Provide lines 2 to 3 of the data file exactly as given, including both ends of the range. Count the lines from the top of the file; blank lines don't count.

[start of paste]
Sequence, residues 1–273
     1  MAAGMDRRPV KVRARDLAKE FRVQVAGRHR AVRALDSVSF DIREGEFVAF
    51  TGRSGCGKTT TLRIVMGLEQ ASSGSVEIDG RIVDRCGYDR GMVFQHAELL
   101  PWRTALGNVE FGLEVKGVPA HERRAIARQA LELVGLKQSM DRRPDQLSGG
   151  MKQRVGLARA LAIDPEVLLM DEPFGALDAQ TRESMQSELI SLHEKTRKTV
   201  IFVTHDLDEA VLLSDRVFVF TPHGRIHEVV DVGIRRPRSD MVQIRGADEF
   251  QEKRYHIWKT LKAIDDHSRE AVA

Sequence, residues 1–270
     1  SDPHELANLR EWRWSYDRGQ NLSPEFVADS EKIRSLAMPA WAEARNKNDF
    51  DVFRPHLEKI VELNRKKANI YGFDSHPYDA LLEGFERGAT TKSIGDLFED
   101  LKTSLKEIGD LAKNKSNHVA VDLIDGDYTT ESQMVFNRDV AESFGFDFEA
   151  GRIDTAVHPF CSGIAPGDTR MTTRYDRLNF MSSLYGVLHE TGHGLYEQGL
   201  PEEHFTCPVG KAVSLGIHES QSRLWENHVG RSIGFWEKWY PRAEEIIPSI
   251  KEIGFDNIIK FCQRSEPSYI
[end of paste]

     1  MAAGMDRRPV KVRARDLAKE FRVQVAGRHR AVRALDSVSF DIREGEFVAF
    51  TGRSGCGKTT TLRIVMGLEQ ASSGSVEIDG RIVDRCGYDR GMVFQHAELL